Major League Soccer postpones match due to "unconfirmed" positive Covid-19 test by players

From CNN's Jabari Jackson

Scott Winters/Icon Sportswire/AP
Scott Winters/Icon Sportswire/AP

DC United and Toronto FC’s match on Sunday has been postponed due to an “initial unconfirmed” positive coronavirus test for one player and an “inconclusive test” for another.

Under Major League Soccers' health and safety protocols, teams are tested the day before each match, MLS said in a statement.

"The results of yesterday’s tests for DS United and Toronto FC produced an initial unconfirmed positive Covid-19 case for one player and an inconclusive test for another player. Because of the arrival time of the clubs in Orlando, the league’s protocol called for retesting both teams this morning and to await the results of those tests prior to playing the match," the league said.

MLS said it will "continue to prioritize the health and safety of all participants of the MLS is Back Tournament in making these decisions.”

DC United and Toronto FC were scheduled to kick off at 9 a.m. ET in Orlando, Florida.

9:42 a.m. ET, July 12, 2020

73 UK farm workers contract coronavirus

From Samantha Tapfumaneyi in London

At least 73 key workers working for vegetable producers AS Green and Co based in the town of Mathon in the west of England have tested positive for the coronavirus during an outbreak among their workforce, according to joint statement from the Herefordshire Council and Public Health Midlands (West).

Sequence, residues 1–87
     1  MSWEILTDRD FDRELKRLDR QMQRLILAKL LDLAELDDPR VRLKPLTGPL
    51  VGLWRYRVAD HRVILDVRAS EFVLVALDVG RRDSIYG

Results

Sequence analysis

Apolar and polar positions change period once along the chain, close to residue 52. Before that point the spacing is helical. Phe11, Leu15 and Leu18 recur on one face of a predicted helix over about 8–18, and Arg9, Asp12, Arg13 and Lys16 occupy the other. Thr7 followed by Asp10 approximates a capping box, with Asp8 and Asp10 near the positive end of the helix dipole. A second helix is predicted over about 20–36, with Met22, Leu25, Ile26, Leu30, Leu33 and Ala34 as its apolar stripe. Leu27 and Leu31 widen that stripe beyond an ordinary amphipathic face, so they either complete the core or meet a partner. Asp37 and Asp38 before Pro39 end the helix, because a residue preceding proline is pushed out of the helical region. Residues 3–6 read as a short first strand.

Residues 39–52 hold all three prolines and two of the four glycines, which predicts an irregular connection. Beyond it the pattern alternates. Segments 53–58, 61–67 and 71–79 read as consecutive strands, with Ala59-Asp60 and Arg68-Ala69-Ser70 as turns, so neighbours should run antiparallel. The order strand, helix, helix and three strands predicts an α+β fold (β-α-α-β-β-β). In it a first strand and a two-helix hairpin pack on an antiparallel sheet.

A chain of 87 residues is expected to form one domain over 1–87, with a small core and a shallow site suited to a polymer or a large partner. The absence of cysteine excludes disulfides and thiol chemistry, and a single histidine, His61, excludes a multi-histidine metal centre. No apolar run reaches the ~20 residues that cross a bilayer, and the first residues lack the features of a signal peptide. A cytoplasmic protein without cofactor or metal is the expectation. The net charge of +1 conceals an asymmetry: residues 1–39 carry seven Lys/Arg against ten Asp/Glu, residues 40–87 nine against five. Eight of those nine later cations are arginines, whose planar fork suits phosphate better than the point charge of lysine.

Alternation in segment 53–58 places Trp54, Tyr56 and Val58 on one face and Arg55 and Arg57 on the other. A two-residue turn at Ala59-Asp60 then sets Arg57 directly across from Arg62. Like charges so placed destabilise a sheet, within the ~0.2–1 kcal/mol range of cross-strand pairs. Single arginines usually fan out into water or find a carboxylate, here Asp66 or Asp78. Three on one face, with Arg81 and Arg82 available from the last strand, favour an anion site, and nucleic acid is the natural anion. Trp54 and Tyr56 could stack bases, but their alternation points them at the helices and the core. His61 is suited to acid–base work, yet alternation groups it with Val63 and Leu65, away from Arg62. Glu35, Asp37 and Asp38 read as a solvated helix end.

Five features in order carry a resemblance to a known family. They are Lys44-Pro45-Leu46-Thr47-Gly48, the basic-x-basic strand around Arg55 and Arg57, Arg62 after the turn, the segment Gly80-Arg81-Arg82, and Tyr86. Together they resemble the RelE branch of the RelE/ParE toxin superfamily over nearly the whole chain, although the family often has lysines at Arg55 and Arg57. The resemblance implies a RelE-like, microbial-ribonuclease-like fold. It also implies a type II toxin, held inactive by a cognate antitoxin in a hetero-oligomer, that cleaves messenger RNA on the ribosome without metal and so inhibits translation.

The whole group of around 200 workers are “being treated as one extended bubble” and are being asked to self-isolate on the farm to reduce the spread of the virus, the statement said.

“While Herefordshire is the first to experience an outbreak of this kind, this is not unexpected. Our priority is to protect the health and wellbeing of all residents in our community," Karen Wright, the director of Public Health for Herefordshire, said. “Prompt testing on the farm has allowed us to understand transmission and control the spread of infection." 


9:31 a.m. ET, July 12, 2020

There are more than 7,000 people hospitalized with Covid-19 in Florida

From CNN's Chuck Johnston

There are a total of 7,268 patients hospitalized in Florida with the primary diagnosis of coronavirus, according to new data released by the Agency for Health Care Administration on Sunday. 

The three most populated counties: Miami-Dade, Broward and Palm Beach, are seeing the highest number of patients hospitalized.

Here's the breakdown of patients for these counties:

  • Miami-Dade County currently has 1,639 patients hospitalized.
  • Broward County has 1,011 patients hospitalized.
  • Palm Beach County reported 605 patients hospitalized.

In Orange County, where Disney World reopened on Saturday, 489 patients are hospitalized.

9:47 a.m. ET, July 12, 2020

Thousands protest government handling of coronavirus in Tel Aviv

From CNN's Oren Liebermann

Ariel Schalit/AP
Ariel Schalit/AP

Thousands of Israelis filled Tel Aviv’s Rabin Square Saturday night to protest the government’s handling of the coronavirus crisis, angered by what they say is a critical lack of economic aid, predominantly for the self-employed.